Kerry to push UN disabilities treaty

Secretary of State John KerryJohn Forbes KerryKerry: Trump's rhetoric gave North Korea a reason to say 'Hey, we need a bomb' Russian hackers targeted top US generals and statesmen: report Trump officials to offer clarity on UN relief funding next week MORE returns to Capitol Hill this week to continue his push for a United Nations treaty on the rights of people with disabilities.

The Senate's failure to ratify the treaty was one of Kerry's great disappointments as chairman of the Senate Foreign Relations panel. Since becoming the nation's top diplomat earlier this year, the former Massachusetts senator worked with his successor, Sen. Robert MenendezRobert (Bob) MenendezIn judge's 2010 Senate trial, Menendez was guilty of hypocrisy Excused Menendez juror: 'I don't think he did anything wrong' We don't need a terrorist attack to know diversity program has to go MORE (D-N.J.), to bring the treaty back up for a vote.

“One of the saddest days in my public life was Dec. 4, 2012 — the afternoon when the Senate I revere fell just five votes short of approving the Disabilities Treaty,” Kerry wrote in a USA Today op-ed back in July. “When you get knocked down in defeat, you have to get back up — and today we renew our commitment to fight ... and get the job done.”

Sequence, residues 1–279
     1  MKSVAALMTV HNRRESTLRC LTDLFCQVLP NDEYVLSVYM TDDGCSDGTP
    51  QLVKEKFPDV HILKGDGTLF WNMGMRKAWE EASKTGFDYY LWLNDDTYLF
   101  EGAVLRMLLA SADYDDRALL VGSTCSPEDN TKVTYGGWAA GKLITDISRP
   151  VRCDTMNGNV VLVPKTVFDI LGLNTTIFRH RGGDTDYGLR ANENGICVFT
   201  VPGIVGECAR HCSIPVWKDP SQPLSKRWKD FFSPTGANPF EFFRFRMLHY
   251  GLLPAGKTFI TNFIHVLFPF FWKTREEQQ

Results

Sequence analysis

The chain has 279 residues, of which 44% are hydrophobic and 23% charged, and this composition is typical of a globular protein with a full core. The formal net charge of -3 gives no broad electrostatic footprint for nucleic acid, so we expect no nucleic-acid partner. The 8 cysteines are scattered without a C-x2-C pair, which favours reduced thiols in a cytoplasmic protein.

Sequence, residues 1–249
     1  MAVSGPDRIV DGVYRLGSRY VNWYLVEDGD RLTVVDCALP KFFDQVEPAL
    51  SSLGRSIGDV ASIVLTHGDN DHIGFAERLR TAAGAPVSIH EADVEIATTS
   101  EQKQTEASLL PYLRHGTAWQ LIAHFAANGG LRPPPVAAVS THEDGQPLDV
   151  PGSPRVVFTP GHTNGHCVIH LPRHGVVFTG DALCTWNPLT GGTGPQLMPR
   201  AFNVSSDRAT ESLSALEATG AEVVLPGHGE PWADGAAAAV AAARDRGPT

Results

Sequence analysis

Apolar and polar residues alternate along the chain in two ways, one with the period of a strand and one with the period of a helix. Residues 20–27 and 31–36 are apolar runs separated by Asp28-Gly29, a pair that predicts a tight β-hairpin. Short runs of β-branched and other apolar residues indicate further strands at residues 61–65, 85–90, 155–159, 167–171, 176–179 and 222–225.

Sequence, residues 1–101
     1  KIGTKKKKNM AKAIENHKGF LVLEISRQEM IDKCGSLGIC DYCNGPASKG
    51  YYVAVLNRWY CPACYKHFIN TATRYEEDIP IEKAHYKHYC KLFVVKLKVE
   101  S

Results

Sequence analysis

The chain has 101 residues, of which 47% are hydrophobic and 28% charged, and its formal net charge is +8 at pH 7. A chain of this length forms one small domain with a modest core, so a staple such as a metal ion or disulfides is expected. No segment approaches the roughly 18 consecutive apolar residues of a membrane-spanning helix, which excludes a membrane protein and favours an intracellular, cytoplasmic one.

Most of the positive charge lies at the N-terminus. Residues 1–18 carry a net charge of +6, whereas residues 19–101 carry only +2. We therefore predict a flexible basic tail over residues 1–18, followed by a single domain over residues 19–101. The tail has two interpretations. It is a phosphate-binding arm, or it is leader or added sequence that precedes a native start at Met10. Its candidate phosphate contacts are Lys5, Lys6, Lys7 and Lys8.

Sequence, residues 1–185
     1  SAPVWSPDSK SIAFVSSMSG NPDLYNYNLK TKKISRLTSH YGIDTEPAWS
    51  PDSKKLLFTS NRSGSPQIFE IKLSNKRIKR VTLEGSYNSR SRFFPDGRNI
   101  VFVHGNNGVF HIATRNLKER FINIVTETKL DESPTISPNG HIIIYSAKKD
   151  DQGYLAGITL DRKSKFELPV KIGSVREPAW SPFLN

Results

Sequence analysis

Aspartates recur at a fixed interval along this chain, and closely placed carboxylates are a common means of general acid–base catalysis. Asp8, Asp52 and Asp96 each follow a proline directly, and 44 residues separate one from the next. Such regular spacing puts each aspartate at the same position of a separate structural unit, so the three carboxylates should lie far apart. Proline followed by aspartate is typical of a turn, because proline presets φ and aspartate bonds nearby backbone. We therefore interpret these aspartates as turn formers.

Treaty advocates say it will extend the protections of the Americans with Disabilities Act to the rest of the world without imposing new rules on the United States. The treaty has broad bipartisan support, including from Sen. Mark Kirk (R-Ill.), who was sidelined during last year's vote because of a stroke.

Opponents, led by conservative home-schoolers and former Sen. Rick Santorum (R-Pa.), have denounced the treaty as a power grab by U.N. bureaucrats. They argue it could threaten parents' ability to homeschool their children, a charge treaty advocates say is nonsense.

Kerry is slated to testify on Thursday during the second of two hearings as Menendez's committee decides how to move the treaty again. Other scheduled witnesses include IBM's director of accessibility, former President George H.W. Bush's counsel, C. Boyden Gray, and law professors from George Mason and Duke universities.

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